Pinecone lands $10M seed for purpose-built machine learning database

Posted by on 27 January, 2021

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Pinecone, a new startup from the folks who helped launch Amazon SageMaker, has built a vector database that generates data in a specialized format to help build machine learning applications faster, something that was previously only accessible to the largest organizations. Today the company came out of stealth with a new product and announced a $10 million seed investment led by Wing Venture Capital.

Company co-founder Edo Liberty says that he started the company because of this fundamental belief that the industry was being held back by the lack of wider access to this type of database. “The data that a machine learning model expects isn’t a JSON record, it’s a high dimensional vector that is either a list of features or what’s called an embedding that’s a numerical representation of the items or the objects in the world. This [format] is much more semantically rich and actionable for machine learning,” he explained.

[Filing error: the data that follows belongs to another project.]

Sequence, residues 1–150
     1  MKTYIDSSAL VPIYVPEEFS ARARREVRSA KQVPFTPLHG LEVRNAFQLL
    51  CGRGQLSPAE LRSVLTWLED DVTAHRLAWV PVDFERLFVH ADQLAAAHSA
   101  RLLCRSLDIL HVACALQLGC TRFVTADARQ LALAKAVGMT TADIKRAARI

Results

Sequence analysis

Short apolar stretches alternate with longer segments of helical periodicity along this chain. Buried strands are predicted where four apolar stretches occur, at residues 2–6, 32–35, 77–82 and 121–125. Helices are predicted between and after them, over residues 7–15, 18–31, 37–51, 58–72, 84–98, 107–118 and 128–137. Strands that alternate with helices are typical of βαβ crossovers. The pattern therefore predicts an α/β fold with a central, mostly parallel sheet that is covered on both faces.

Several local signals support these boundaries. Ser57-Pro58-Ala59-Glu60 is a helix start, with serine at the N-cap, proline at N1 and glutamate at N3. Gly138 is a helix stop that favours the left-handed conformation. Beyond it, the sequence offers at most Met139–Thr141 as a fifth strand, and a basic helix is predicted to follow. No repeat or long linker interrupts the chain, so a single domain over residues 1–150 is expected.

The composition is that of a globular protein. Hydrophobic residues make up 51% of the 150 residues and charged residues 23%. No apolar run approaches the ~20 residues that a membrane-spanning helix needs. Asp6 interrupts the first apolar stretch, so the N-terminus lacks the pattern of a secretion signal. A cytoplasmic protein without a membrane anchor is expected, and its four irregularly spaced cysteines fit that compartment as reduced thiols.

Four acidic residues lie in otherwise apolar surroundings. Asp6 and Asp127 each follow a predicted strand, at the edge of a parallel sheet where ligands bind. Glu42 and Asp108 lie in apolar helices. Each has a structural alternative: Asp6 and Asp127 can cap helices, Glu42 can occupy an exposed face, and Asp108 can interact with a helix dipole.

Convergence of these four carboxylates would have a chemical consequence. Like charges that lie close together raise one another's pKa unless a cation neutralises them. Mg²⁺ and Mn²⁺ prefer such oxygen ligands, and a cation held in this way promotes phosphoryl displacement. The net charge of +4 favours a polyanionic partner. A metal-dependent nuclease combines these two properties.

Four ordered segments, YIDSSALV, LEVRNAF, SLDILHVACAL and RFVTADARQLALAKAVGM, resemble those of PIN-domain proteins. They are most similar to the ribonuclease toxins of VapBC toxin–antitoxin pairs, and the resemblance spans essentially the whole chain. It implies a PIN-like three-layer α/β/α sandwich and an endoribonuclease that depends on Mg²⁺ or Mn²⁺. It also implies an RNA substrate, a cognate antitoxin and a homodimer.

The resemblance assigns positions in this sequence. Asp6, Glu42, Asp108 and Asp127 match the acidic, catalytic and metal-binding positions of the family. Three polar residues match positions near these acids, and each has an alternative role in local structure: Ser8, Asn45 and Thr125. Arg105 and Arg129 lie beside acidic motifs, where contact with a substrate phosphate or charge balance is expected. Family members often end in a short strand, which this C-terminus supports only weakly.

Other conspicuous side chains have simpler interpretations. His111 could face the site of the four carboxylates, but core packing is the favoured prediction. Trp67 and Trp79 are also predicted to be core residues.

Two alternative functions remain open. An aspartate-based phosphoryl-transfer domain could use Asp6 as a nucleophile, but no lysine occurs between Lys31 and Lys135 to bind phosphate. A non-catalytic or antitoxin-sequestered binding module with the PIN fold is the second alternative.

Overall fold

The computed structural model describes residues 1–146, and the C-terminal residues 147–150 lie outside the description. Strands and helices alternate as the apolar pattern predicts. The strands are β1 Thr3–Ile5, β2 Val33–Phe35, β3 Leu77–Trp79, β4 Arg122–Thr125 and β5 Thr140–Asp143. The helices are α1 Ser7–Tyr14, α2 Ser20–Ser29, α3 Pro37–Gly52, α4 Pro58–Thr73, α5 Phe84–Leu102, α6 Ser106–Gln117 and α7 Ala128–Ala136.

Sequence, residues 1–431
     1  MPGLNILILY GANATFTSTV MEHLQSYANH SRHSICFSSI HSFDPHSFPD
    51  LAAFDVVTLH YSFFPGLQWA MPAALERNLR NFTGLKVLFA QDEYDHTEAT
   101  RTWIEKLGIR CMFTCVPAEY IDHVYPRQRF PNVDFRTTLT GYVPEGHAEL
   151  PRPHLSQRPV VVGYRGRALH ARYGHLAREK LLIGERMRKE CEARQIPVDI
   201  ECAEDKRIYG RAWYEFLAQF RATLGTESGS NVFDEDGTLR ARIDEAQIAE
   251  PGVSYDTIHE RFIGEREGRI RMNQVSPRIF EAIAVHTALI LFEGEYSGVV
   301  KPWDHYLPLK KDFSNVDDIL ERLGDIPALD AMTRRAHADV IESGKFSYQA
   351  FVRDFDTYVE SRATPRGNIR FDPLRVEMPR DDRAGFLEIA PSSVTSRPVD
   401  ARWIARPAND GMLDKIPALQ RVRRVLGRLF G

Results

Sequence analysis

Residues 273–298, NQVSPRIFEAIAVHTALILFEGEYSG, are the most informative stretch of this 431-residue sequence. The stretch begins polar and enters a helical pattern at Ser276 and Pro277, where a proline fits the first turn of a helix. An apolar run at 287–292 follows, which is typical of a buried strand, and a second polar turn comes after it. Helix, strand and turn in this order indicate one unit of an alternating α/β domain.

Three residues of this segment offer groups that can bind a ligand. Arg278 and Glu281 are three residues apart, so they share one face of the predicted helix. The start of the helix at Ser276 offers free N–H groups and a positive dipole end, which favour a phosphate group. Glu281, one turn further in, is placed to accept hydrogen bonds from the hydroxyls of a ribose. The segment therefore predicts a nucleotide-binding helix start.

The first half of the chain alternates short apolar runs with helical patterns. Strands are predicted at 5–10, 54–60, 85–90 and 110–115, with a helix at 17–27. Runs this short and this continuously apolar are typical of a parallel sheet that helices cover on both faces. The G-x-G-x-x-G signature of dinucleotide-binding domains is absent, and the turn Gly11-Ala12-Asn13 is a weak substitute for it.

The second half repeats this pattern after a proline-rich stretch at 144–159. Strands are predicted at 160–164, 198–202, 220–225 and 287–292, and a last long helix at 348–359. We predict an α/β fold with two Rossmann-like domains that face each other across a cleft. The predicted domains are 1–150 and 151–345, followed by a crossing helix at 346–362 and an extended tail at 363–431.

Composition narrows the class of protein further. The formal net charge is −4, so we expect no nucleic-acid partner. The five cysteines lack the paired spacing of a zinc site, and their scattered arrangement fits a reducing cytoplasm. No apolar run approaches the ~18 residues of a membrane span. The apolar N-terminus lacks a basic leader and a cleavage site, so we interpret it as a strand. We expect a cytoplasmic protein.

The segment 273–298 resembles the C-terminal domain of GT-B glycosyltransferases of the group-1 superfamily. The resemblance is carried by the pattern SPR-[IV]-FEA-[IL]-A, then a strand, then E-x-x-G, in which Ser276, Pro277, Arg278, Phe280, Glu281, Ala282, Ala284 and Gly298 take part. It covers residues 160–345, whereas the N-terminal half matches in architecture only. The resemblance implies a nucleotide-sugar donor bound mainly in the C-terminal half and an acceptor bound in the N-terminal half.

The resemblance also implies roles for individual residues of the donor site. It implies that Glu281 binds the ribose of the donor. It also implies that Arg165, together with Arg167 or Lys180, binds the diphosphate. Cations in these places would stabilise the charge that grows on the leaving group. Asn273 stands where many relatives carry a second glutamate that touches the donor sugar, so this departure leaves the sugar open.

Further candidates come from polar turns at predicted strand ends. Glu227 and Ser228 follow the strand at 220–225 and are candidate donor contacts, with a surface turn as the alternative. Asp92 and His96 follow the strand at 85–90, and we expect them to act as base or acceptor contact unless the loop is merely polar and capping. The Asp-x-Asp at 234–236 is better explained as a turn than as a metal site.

He says that this is a concept that is widely understood by data scientists, and supported by research, but up until now only the biggest and technically superior companies like Google or Pinterest could take advantage of this difference. Liberty and his team created Pinecone to put that kind of technology in reach of any company.

The startup spent the last couple of years building the solution, which consists of three main components. The main piece is a vector engine to convert the data into this machine-learning ingestible format. Liberty says that this is the piece of technology that contains all the data structures and algorithms that allow them to index very large amounts of high dimensional vector data, and search through it in an efficient and accurate way.

The second is a cloud hosted system to apply all of that converted data to the machine learning model, while handling things like index lookups along with the pre- and post-processing — everything a data science team needs to run a machine learning project at scale with very large workloads and throughputs. Finally, there is a management layer to track all of this and manage data transfer between source locations.